…001 a Space Odd…
I’m a Mac user. There, I’ve said it, just like they do at AA meetings. I’m a Mac user and quite happy about it—as I kept reminding myself last Thursday and Friday.
The task was straightforward. One Dell Optiplex was sitting unused because the person who used that PC left her employ before revealing the passwords. In the Windows world, this means a new system install—at least, that’s what the Dell site said. Of course, with Mac OS X it would have simply been a matter of starting from an installer DVD and resetting the password, a matter of less than five minutes.
No problem, I thought. I test systems on our Macs, usually installing a new beta OS as a background task while I’m doing the morning’s e-mails and dropping toast crumbs into the keyboard. Admittedly, this is onto a second hard drive, but Windows can’t be that different, can it?
First, I had to find out exactly how to get the Dell into a frame of mind where it would start up from a CD. A quick call to my PC guru sorted that one out. Press F2 as you restart and choose from the various options on screen.
But when the machine started, its F2 menu was displayed in 24-point text on a 17-inch screen. I couldn’t actually read what it said because the sentences were cut off on each side. The last time something like this had happened was back in the 70s when I’d gone to see …001 a Space Odd… at the local flea-pit cinema.
Luckily, the monitor lets you adjust horizontal and vertical positioning. Settings were made in F2 by moving the screen display to the left and right, the hard disk was erased and partitioned, and installation commenced at about 9:15 AM.
For the next two hours, the Dell needed constant attention, either to select from various choices offered during the installation process or because it kept forgetting where parts of the operating system were stored on the CD. This was largely because the CD drive stopped spinning so that when the installer wanted a chunk of code, the drive had gone to sleep. It needed the disk to be ejected and then reinserted to force it to spin up.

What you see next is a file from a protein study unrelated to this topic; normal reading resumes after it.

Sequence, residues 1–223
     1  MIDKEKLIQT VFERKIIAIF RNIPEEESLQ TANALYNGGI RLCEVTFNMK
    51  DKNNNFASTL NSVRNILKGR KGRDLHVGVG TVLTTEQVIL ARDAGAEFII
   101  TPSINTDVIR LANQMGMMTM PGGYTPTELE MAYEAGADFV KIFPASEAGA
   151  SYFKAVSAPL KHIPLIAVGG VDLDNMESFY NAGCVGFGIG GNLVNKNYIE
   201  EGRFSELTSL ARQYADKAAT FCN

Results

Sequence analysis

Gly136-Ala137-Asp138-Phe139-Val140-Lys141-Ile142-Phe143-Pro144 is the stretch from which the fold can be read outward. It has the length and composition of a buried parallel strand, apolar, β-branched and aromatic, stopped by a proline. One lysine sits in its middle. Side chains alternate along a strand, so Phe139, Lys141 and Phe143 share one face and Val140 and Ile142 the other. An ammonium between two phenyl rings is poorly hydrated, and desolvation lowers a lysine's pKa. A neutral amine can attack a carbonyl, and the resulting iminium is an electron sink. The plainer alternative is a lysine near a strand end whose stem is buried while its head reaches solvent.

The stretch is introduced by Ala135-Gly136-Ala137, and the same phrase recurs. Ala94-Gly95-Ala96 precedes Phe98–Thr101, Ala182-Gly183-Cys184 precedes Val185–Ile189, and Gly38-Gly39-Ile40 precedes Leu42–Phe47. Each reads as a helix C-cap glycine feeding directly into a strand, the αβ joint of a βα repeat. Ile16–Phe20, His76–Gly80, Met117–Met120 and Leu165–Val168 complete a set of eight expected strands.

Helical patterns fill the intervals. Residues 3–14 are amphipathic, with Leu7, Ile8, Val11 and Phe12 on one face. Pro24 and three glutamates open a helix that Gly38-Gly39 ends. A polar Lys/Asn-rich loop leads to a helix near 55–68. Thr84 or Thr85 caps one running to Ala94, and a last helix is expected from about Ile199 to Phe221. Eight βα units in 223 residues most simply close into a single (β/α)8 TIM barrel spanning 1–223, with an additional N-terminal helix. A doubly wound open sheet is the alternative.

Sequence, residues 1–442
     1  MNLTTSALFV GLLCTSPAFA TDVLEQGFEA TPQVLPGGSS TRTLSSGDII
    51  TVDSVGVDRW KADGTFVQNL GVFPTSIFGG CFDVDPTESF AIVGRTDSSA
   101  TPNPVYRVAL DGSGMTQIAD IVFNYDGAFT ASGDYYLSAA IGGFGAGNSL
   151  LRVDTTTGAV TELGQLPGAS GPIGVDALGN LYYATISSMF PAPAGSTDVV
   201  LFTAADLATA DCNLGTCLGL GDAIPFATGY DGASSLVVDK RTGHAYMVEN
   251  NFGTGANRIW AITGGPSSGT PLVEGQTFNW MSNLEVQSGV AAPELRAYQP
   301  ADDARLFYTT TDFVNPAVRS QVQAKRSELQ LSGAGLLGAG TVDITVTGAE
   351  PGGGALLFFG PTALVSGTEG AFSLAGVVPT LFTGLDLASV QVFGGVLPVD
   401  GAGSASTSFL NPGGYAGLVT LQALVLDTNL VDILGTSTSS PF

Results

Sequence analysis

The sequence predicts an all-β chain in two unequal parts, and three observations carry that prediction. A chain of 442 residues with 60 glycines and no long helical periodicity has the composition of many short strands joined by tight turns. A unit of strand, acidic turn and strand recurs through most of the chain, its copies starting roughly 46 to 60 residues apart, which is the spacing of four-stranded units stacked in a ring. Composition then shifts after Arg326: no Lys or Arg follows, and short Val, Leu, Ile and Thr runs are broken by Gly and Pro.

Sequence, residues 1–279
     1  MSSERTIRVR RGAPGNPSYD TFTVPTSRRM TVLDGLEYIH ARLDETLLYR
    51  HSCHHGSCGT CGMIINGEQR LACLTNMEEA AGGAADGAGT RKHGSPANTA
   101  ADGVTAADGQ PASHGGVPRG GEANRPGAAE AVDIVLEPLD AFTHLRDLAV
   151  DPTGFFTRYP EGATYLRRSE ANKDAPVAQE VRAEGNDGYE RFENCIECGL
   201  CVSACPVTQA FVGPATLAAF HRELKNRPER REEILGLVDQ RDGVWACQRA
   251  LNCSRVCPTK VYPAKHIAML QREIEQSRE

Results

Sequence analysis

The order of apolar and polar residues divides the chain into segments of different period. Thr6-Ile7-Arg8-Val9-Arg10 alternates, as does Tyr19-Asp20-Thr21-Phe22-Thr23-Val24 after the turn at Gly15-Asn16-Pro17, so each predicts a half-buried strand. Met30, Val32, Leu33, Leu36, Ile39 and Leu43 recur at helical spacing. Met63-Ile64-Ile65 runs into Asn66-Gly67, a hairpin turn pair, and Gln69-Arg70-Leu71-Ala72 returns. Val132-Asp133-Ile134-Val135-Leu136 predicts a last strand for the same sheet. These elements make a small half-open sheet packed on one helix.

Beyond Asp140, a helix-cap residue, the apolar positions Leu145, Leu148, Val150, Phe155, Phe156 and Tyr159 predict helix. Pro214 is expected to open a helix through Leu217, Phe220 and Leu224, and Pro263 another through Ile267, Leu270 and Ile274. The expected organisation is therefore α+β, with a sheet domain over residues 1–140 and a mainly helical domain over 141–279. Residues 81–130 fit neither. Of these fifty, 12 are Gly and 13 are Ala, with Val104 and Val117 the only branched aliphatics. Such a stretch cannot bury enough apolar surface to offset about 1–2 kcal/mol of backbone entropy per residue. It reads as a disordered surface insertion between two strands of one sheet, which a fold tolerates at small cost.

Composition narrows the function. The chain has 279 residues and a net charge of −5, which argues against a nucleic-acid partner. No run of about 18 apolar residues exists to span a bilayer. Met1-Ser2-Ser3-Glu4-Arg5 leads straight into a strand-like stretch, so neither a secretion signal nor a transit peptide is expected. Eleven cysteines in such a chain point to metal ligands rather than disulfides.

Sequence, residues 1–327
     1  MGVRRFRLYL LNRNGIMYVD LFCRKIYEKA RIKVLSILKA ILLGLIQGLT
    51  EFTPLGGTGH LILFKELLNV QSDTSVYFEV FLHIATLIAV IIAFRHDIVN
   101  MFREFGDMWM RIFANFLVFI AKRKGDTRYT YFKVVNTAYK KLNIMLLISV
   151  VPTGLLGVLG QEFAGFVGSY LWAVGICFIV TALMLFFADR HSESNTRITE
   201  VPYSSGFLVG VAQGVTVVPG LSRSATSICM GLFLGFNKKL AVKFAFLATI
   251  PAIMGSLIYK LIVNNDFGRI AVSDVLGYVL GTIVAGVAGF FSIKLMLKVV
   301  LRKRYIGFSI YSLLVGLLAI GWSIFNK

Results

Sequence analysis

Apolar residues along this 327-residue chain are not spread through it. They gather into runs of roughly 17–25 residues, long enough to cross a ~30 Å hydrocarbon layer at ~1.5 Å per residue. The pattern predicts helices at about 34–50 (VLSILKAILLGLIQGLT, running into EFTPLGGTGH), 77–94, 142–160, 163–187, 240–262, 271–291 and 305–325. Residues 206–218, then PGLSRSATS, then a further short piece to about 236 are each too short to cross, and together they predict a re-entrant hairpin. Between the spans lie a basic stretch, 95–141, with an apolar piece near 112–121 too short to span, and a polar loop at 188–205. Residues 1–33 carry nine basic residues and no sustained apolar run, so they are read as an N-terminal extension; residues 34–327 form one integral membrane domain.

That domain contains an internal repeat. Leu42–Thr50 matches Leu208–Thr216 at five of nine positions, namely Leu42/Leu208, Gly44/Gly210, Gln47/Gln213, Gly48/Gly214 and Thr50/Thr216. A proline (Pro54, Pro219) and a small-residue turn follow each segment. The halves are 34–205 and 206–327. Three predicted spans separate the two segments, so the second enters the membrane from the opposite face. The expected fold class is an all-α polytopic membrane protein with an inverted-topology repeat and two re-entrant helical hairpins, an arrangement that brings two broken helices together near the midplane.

By 11:15 AM, the screen said 39 minutes to completion. At 12:45 PM, I’d also installed a copy of Microsoft Office. That, at least, went without a hitch. The problem now was that the screen still showed everything in glorious 24-point, 8-bit colour. As the Dell was not connected to the Net, getting driver software was not going to be easy.
The rest of the day was spent dismantling the monitor to find what type it is, searching the Dell site for the correct monitor driver, and trying to download and install using sneaker net and a memory stick. At one point, I had a huge length of Ethernet cable snaking down the corridor to an adjacent office, connected the Dell to the outside world in an attempt to get online.
Then I made a fatal error and clicked on an option deselecting the default monitor. The screen went blank, and I went home.
Day two. A determined disk partitioning and reinstallation saw the Dell running in two hours. This was from the CD supplied by Dell as the way to get your PC up and running and containing all the correct software. Except it didn’t. This time, I searched for video card drivers instead of monitor software. The PC used Intel built-in video, so why the drivers aren’t on Dell’s disk is a mystery.
Nevertheless, now that the correct video drivers is installed, plus various BIOS updaters and such I’d also found, the PC is working better than ever.
Total time, about 12 hours.
Total time to do the same on a Mac? About 30 minutes.
Says it all, really.
Also in This Series
- What Trick, What Device, What Starting-Hole… · May 2012
- Do Androids Dream? · April 2012
- Our Macs Are Under Attack · March 2012
- The Best and Worst Christmas Presents · February 2012
- The Best Use for a Kindle · January 2012
- It’s Got No Blinking Light · January 2012
- Box-Shifting Causes Migration · December 2011
- The Best Thing About the iPhone 4S and How to Cope in Clink · December 2011
- Death of a Salesman · November 2011
- Complete Archive